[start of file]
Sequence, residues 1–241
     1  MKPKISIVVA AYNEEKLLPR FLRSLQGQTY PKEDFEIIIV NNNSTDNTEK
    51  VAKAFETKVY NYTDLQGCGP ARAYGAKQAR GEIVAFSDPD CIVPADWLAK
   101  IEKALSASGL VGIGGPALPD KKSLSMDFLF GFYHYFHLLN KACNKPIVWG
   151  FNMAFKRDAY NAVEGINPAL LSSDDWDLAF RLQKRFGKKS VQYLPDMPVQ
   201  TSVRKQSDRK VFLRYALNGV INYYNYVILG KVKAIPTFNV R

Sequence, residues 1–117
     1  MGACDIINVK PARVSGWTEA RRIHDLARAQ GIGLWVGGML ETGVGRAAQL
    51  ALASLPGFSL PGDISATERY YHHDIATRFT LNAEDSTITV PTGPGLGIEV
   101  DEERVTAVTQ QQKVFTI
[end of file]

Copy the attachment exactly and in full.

Sequence, residues 1–241
     1  MKPKISIVVA AYNEEKLLPR FLRSLQGQTY PKEDFEIIIV NNNSTDNTEK
    51  VAKAFETKVY NYTDLQGCGP ARAYGAKQAR GEIVAFSDPD CIVPADWLAK
   101  IEKALSASGL VGIGGPALPD KKSLSMDFLF GFYHYFHLLN KACNKPIVWG
   151  FNMAFKRDAY NAVEGINPAL LSSDDWDLAF RLQKRFGKKS VQYLPDMPVQ
   201  TSVRKQSDRK VFLRYALNGV INYYNYVILG KVKAIPTFNV R

Sequence, residues 1–117
     1  MGACDIINVK PARVSGWTEA RRIHDLARAQ GIGLWVGGML ETGVGRAAQL
    51  ALASLPGFSL PGDISATERY YHHDIATRFT LNAEDSTITV PTGPGLGIEV
   101  DEERVTAVTQ QQKVFTI